GRIFFIN: Our best guess at this point is that the shuttle will, as I’ve said on many occasions, execute something like 17, 18 flights between now and retirement. But it is the date which we are picking, not the number of flights, and my comments earlier on shuttle performance were reflective of average performance in the past that would allow us to do that number of flights. As to when Columbus flies in the station assembly schedule, I’m sorry, I don’t have that in my head. I just don’t know.

REPORTER: Randy Shield (?), WSGU (?) radio. Mike, we’ve been very blessed recently with a lot of spacecrafts that have gone well beyond their useful lifetime.

GRIFFIN: We sure have.

REPORTER: You know, the Mars rover, Voyager, Pioneer, many others. As a result of that, having to keep them in operation is costing us a lot more money than was originally budgeted for. How do you balance the act?

GRIFFIN: That’s a very good question when it does cost money to continue to operate spacecraft in terms of deep space net support or other tracking support in terms of the operational crews who sustain them (the mission controllers). And so, you have to make on the case of each individual mission, a reasoned decision as to when the science value that you’re getting from the mission is no longer worth the money that you’re paying. And sometimes you have to turn missions off, and we have done that. We aren’t going to be turning off Spirit and Opportunity any time soon; they’re the only two rovers we have on Mars and we’re quite happy with them. There may be other science missions that, that we would elect to turn off because we no longer see any marginal value to the data in comparison to the cost. I recently decided not to turn off the TRMM mission, the tropical rainforest rainfall monitoring mission, because it was the only method we had to gather the kind of data that allows us to track the formulation of hurricanes and help predict where they’re going to go. I was pleased things worked out the way they did, because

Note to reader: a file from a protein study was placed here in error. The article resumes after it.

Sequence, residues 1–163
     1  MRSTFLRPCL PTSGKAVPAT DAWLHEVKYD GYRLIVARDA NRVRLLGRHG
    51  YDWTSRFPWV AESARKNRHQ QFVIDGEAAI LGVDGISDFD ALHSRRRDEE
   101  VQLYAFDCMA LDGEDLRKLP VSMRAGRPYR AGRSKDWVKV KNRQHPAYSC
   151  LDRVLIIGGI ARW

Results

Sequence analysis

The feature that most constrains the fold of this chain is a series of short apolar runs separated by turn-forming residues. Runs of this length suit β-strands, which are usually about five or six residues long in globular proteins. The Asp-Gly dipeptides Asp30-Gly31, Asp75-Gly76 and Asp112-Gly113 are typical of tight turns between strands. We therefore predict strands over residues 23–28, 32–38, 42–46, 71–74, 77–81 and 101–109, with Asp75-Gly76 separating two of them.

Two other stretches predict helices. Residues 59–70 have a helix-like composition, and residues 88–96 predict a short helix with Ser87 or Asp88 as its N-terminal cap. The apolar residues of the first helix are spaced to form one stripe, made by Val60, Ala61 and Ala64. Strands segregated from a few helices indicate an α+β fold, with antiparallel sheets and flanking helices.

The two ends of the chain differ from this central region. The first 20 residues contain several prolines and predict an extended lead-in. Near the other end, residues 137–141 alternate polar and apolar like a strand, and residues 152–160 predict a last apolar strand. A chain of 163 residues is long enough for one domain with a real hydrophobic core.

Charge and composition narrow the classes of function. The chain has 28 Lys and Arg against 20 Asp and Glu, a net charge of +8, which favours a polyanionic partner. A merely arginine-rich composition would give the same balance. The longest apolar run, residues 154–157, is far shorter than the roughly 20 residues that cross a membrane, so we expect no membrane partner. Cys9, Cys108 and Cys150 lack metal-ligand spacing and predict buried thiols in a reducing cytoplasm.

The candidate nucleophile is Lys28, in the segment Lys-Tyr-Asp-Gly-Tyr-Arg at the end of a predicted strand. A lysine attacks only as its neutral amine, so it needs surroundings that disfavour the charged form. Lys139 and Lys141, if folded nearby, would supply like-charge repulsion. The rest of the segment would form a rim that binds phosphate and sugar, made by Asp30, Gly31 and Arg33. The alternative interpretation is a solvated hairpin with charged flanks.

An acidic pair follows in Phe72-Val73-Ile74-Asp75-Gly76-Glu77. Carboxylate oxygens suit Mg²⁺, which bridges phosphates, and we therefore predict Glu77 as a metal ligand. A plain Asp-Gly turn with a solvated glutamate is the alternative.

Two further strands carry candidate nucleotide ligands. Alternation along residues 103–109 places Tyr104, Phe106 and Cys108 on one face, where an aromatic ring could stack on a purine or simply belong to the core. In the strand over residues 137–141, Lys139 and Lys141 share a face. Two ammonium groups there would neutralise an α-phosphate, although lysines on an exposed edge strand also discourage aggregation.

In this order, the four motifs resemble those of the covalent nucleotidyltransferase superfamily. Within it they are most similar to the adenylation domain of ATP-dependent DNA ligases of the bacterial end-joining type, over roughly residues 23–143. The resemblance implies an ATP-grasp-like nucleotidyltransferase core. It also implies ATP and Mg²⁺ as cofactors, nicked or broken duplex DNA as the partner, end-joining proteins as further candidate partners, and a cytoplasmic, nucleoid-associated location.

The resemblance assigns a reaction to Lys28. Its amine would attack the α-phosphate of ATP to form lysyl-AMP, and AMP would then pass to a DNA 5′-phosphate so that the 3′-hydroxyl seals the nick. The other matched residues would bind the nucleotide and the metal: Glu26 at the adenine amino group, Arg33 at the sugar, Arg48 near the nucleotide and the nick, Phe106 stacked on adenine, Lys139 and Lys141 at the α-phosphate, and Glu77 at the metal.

TRMM was very helpful in plotting the course of Katrina. So we think very carefully before we turn one off, but sometimes you have to.

REPORTER: Hi. Andy Vaughn (?), Denver Post. Can you talk about the progress of the CEV project, and when you think a winning team might be selected?

GRIFFIN: When the winning team might be selected? I believe we’re aiming for selection in July.

REPORTER: Bids are due, what, in March? I was wondering how long after that a team will be selected.

GRIFFIN: Three or four months after that.